MUNNELLY ANOTHER ‘BRIDGE TOO FAR’ FOR THE BRITISH ARMY(Fifty years ago this month British troops tried to blow up a bridge on the Fermanagh-Monaghan border)
I referred in an earlier post to the Flagstaff Hill incident in which British special forces were arrested inside the 26 Counties and which caused a major diplomatic incident when the men were later tried in Dublin. However there were frequent and seemingly more mundane incidents which occurred much earlier.
In Oct. 28 1971 British soldiers and members of the Irish Defence Forces faced each other across the six counties border before the British withdrew, defeated in an argument about which side of the frontier a bridge was on.
The British were about to blow up the bridge on a road near Newtownbutler, in County Fermanagh, as part of what they claimed was an attempt to destroy possible Irish Republican Army supply lines from south to north. Gardai arrived and told them it spanned the border and effectively they were about to blow a bridge half of which was in the 26 counties. The British Army became abusive but the Gardai stood their ground, eventually reinforced by a 27‐man platoon of the Irish Defence Forces from the 27th infantry battalion based in Dundalk and Castleblayney.
The Irish troops, with rifles, machine guns and a bazooka, manned high ground overlooking the bridge about 800 yards away while an Irish and a British officer argued on the bridge. Maps were consulted and the British force seemed adamant but the IDF stood their ground and the Brits eventually withdrew.
Gelignite that had already been placed under the bridge was removed by an ordnance unit of the Irish Defence Forces.
There was great resentment in border communities over the destruction of bridges and the cratering of roads. Crossings were used daily by villagers and farmers and it was hugely isolating, disruptive and inconvenient especially where a farmer for example had land on both sides of the six county border.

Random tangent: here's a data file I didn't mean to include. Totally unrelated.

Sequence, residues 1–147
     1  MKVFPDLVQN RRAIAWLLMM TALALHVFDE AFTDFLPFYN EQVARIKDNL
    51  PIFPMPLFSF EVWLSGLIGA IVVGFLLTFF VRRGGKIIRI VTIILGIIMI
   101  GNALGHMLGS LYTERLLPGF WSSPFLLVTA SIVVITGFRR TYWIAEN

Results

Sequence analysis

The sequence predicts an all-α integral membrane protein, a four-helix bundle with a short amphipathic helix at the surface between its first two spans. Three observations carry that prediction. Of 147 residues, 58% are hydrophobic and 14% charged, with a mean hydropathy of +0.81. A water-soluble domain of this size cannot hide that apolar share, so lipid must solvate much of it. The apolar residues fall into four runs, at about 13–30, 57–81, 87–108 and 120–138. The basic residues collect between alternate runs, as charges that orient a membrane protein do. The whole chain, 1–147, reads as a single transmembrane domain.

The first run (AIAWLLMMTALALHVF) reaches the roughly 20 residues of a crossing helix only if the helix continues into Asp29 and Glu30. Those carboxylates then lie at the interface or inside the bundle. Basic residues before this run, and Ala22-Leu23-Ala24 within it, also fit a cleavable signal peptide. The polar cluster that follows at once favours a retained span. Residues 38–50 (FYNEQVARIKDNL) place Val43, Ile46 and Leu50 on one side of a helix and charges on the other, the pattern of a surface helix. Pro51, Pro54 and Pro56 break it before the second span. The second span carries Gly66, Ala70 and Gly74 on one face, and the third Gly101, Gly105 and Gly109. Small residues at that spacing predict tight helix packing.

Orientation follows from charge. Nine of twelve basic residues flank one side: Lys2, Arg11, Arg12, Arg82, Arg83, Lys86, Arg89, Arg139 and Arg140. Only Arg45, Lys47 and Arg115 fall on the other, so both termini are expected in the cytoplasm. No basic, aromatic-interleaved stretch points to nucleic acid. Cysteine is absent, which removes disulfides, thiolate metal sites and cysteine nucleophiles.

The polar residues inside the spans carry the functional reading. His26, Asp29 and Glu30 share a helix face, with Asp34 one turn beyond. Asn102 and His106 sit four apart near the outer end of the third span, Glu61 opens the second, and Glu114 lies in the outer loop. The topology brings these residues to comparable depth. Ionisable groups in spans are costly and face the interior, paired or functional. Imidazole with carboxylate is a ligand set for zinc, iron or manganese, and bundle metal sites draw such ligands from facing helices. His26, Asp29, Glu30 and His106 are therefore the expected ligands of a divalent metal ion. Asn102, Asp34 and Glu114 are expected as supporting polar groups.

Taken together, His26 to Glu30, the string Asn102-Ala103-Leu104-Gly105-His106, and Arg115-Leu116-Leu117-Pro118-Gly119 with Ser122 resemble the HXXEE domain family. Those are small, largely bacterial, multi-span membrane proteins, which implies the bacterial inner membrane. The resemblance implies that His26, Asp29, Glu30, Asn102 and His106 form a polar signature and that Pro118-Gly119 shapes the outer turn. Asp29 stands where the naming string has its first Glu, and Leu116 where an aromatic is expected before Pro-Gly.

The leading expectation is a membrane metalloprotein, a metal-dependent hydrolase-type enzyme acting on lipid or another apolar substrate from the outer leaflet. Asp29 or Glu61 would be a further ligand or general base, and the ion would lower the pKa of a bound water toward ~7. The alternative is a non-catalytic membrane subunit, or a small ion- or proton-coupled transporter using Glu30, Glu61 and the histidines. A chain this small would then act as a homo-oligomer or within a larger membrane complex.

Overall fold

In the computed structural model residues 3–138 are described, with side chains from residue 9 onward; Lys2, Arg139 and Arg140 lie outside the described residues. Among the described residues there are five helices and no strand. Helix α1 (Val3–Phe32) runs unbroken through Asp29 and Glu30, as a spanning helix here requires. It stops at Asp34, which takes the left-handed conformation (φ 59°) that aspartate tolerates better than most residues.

Ironically the British Army’s strategy to try and seal the border was a failure and created long term resentment in border communities.The UK media often tried to highlight the ‘security cooperation’ between North and South however the reality at the time could be somewhat different. Speaking in a BBC TV interview around the time of the Munnelly Bridge incident a CO of an Irish Defence Force units in the border area was quite candid saying:
“I don’t see the point of it (cooperation with the British Army); we have a mission to perform and presumably they have a mission to perform as well. I don’t know what their mission is, nor do I wish to know. We have a job to do and we do it in our own way, and as far as I’m concerned, we do it effectively.”
Footnote: A consequence of the Munnelly stand-off was that rather than blow bridges themselves sometimes the British Army cooperated with Loyalist paramilitaries as happened a year later (1972) when Aghalane bridge between Cavan and Fermanagh was bombed by loyalists. In 2005 a Commander of British Forces in the area at the time (Major Vernon Rees) admitted the cooperation in an oral history interview for the Imperial War Museum. A temporary replacement for Aghalane bridge (bailey bridge) was erected by Irish Army engineers (1972).
Image: Garda supported by Irish troops at a border checkpoint – Inset: Aghalane bridge damaged by loyalists a year after the unsuccessful attempt by the British army to destroy Munnelly bridge.
AGS Celtic League (11th October 2021)